Highland Wildlife and Birdwatch Safaris, Guided wildlife excursions, Aviemore, Scotland
Highland Wildlife and Birdwatch Safaris, Guided wildlife excursions, Aviemore, Scotland

Saturday, June 30, 2012

June 2012 was another very changeable month weather-wise, with just about every type of weather (except for snow, thankfully!) experienced at some stage - sadly, not ideal for birds trying to feed newly hatched or recently fledged young.......though on a more positive note, with the days at their longest now,this far north there is almost 24 hours a day wildlife-watching available to those with the stamina to enjoy it! Bird day-lists are at their highest now , with mid-high 60's not uncommon, with mammal lists steady at 6-9.....It should be noted though, that to see the 'dawn' species now requires an extremely early start, and the nocturnal species (such as Pine Marten) become very tricky!

Wildlife highlights included:

Local speciality species frequently  seen well this month included Dipper, Osprey, Ring Ouzel, Slavonian Grebe, Red Grouse, Red-Throated Diver, Black-Throated Diver, Crossbill, and, unusually for June, Capercaillie & Black Grouse....

In fact,  Capercaillie & Black Grouse were still noted to be in 'lekking' mode - the first time I can recall it extending well into June, presumably, the fact that the weather felt more like it would in April/May was the reason...but, whatever the reason, they were a worthy reward for our early starts!

Red Grouse, mostly in large family parties,  were seen regularly, though they are much quieter and less obvious now, as  they creep stealthily through the deep heather...

Crested Tits finally became easier to see, with many family groups being spotted in our local Caledonian Forests. Learning to recognise  their distinctive chuckling trills being by far the best way of locating them...

Ospreys were frequently seen fishing, plunge-diving  into local lochs, and with most of the parents having hungry young to feed, and 8 or more fish per day being needed, mid-summer is the best time to witness this amazing spectacle!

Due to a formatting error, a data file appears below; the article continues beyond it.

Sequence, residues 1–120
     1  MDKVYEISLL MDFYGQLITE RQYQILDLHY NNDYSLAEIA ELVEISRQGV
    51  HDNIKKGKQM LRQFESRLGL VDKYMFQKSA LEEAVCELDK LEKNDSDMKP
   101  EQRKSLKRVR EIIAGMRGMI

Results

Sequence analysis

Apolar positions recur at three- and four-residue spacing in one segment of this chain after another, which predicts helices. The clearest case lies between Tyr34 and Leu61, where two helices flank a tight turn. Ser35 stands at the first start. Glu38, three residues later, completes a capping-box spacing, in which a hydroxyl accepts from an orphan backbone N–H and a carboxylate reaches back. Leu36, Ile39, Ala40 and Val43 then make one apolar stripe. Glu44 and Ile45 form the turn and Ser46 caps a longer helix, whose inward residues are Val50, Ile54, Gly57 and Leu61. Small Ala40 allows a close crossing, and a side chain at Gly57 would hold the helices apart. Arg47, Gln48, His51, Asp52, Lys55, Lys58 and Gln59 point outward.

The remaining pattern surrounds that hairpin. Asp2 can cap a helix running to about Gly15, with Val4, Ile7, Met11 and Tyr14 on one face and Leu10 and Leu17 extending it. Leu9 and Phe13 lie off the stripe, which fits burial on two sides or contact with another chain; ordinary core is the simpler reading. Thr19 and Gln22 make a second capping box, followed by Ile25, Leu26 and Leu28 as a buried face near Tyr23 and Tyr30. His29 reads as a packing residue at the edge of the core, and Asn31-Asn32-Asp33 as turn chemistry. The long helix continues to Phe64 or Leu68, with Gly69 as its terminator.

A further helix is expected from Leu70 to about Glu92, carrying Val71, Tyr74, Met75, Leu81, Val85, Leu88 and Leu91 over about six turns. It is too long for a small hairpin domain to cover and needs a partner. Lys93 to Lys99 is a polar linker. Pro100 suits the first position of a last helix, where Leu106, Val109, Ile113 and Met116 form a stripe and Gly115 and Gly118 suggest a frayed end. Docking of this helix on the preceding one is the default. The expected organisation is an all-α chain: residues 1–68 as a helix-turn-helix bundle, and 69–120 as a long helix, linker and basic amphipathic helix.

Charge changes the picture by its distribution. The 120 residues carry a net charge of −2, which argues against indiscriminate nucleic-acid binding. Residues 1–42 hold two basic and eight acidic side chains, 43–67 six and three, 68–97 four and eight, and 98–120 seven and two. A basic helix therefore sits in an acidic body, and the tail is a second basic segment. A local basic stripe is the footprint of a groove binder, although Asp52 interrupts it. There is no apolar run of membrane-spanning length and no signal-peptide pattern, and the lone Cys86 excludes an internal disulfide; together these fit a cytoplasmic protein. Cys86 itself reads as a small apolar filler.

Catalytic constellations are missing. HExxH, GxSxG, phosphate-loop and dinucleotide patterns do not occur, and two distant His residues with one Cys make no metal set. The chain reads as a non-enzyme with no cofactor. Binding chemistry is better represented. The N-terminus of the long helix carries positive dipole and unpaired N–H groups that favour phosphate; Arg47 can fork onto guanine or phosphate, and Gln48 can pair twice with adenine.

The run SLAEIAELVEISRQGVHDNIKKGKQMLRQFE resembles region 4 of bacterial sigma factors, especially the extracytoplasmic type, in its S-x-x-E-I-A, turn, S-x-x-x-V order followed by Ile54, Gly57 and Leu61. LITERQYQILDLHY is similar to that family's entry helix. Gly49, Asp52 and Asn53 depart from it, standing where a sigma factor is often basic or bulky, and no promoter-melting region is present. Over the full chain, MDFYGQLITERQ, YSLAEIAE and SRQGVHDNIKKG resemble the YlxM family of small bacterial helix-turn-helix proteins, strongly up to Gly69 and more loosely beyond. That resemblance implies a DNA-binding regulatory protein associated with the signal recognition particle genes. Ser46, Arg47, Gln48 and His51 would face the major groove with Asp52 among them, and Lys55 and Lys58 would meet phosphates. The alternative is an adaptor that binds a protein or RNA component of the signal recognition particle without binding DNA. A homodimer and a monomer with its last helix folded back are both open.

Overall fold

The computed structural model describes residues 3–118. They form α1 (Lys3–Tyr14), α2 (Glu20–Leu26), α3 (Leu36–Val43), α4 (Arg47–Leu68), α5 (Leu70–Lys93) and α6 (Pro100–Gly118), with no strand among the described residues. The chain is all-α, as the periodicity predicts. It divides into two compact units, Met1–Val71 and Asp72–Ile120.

Crossbills were seen frequently, and on several occasions we actually had prolonged views of them through the scope feeding on Pine cones  - instead of the usual brief  fly-over -  not a frequent occurrence - as any safari guide will tell you!

Ring Ouzels were seen collecting beakfuls of insects and worms in suitable upland habitat,  before flying into the thick undergrowth  - I suspect we may see youngsters soon....

Cuckoos were again seen (and heard calling)  frequently, including one female seen emerging from a Meadow Pipit nest at very close range!

Mountain-top birds: June is probably our best month for seeing  Ptarmigan and Dotterel (and the less reliable  Snow Bunting ), and so it proved, with decent views being achieved, though it should be stressed that this inhospitable and potentially dangerous environment should only be visited in very good weather conditions and with appropriate clothing and equipment....

Fledglings! Many more species now have young, including Dipper, Crested Tit, Curlew, Common Sandpiper, Oystercatcher, Redstarts and our local pair of Black-Throated Divers (see pic courtesy of Tim Neale) - though sadly,  our local Slavonian Grebes do not seem to have bred successfully... again, despite several attempts.....

Local speciality mammals: It is easy for someone like myself to take Red Squirrel, Red Deer, Mountain Hare and Mountain Goat for granted - but it is always brought home to me how relatively rare outside of upland areas these are, when I see the smiling faces of my safari clients as they get to see them for the first time.... especially on one occasion when we witnessed the Mountain Goats climb quite high into trees to get to the tasty higher leaves! (see pic)

Brown Hares were seen 'boxing' early this month! Again, much later than usual....

Pole-dancing Stoat! Mid-month we enjoyed an incredible close encounter with a Stoat that ran across a track in front of us, and then proceeded to wrap itself round a nearby sapling support stick in an attempt to hide from us, but it couldn't resist constantly changing it's position in order to peep round at us -  just like a pole-dancer (so I am told!) - great stuff!

Butterflies: Most of our common species are now (finally!) on the wing , and I don't know whether it is just me... but we seem to see a lot more Orange Tips than we used to....

Mull lured me over again! Please forgive me - for I am too weak to resist the temptation! A mid-month day-trip producing reasonable sightings of Golden Eagle & Sea Eagle, and some really nice views of a gorgeous male Hen Harrier, along with many more common coastal species....